“But now, two or three years on from that, I'm in a very different place and much stronger in terms of vocal health, vocal conditioning, and songwriting – and I'm a much more confident frontman and singer in general. I think if you look at the comments from the start of this touring campaign on the live performance of Tesseract as a whole, I'm sure you might see a recurring theme of people saying that it's the best show they've ever seen, or the performance has stepped up a notch or it's next-level. We feel the same.”
Despite Tesseract’s success, and the pressure that comes with it, nerves aren’t much of an issue at this point. “Sometimes, playing big industry shows like L.A. or London have in the past been a little bit unnerving, because you know you have to pull off a good show,” says Tompkins. “But last night [in London], I'd say that was probably the most important gig we've had, ever, and we just walked on, very comfortable, very at ease with each other and our performance, and we had a really good time.”
The view from the stage has also become far more diverse as Tesseract continue to push the boundaries of heavy, aggressive music. As Tompkins proudly explains, “It's very interesting from our perspective, because you can see different pockets of people reacting to different albums. Every Tesseract album sounds different from the next, and I think each album has its own fanbase. So you get young couples at the front waiting for Altered State, you get the moshers going crazy for the One material and the heavier Sonder stuff, and you get people who’re there for the audible pleasure, standing around the mixing desk and just appreciating the show from a sonic perspective.“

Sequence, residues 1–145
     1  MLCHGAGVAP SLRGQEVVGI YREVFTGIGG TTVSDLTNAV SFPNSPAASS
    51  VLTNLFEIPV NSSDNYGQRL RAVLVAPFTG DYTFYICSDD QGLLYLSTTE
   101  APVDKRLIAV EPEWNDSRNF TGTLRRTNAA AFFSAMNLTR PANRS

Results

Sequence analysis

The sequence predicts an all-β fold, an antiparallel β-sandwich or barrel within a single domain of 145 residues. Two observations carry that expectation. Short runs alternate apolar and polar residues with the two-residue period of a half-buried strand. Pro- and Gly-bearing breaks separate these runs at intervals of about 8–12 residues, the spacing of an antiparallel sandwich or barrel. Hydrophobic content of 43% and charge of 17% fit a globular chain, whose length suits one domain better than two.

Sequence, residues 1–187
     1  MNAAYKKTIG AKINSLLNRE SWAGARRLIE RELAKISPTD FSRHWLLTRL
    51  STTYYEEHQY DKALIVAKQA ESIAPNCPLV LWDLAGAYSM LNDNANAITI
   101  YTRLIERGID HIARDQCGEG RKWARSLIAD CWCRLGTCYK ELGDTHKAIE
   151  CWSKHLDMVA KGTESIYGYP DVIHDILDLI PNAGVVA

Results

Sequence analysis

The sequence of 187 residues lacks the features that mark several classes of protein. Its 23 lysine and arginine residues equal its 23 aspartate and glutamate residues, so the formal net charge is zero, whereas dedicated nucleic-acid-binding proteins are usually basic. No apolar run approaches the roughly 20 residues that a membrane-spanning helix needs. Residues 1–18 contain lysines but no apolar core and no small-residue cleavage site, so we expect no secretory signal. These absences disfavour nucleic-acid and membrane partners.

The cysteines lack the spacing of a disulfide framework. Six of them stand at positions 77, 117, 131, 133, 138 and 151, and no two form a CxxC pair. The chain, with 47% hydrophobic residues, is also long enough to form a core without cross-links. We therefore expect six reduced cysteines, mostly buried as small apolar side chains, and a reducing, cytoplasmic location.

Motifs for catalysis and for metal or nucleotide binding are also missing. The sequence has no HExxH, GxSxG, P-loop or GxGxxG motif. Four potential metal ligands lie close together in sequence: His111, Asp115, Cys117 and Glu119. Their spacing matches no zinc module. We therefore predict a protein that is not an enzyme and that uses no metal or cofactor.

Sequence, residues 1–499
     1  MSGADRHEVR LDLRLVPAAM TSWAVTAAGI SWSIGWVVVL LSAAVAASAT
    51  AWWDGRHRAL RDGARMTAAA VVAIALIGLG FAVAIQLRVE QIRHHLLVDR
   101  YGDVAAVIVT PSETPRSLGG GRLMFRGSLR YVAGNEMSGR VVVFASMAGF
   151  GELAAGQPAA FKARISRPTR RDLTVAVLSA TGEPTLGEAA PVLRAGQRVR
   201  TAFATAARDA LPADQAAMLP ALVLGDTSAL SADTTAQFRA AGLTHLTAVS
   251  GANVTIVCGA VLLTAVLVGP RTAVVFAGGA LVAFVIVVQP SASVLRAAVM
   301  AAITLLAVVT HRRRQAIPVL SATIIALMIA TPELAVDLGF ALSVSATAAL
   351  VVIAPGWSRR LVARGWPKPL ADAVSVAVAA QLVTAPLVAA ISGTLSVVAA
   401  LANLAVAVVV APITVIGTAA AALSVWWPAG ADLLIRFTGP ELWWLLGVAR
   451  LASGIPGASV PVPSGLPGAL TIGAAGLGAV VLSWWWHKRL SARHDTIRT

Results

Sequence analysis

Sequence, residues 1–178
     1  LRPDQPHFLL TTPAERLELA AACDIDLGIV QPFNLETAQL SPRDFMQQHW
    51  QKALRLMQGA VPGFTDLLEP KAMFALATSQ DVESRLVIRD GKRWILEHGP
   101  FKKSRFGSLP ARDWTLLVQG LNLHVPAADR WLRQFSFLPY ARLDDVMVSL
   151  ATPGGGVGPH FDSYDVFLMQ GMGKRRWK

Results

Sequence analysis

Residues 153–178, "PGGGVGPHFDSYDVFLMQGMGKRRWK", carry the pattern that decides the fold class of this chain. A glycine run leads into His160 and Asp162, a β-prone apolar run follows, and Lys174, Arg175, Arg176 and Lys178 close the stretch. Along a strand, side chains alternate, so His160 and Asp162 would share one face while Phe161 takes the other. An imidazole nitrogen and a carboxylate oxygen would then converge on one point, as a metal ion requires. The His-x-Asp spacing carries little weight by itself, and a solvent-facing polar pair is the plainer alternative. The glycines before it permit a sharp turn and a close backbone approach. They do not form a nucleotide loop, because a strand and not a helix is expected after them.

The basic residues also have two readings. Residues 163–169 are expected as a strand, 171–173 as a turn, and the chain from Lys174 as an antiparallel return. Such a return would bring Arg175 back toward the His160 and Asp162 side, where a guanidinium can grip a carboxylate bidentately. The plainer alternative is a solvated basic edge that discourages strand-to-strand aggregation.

“There's also a much wider demographic of people turning up to our shows now. So you've got the young and old, and we're drawing more ladies to shows now. We often get guys saying that they brought their girlfriend and their mum, or their grandma – and that's really cool! If we can appeal to as many people as possible, that's definitely a good thing.”
In 2019, plenty of new fans will get to experience Tesseract in the flesh – no matter where they are in the world. “We're traveling to India in January, and the States with BTBAM in February,” says Tompkins. “Then we've got a few festivals cropping up throughout the summer, and we're playing with Dream Theater in Sweden in June – but after August, I think we'd like to sit down and start writing for the next record.”
“We've got such a big backlog of ideas, and I think we just need to go away and develop the existing ideas we have. There's a lot of material that didn't make it onto every album. We've got old ideas from One, Altered State, Polaris, and Sonder that didn't make it onto the records – so there's a lot to choose from! It's just about making it work. I think a lot of the hard work's already done – it's just a case of making it cohesive.”
Whether you’re a teenage metal fan or elderly headbanger, this is the right time to get into Tesseract. If you’ve been following them for a long time, consider your bragging rights earned in full. If you’re a new supporter, you have a lot to catch up on – and no matter which category you fall within, be sure to spread the word. Tesseract are about to become household names.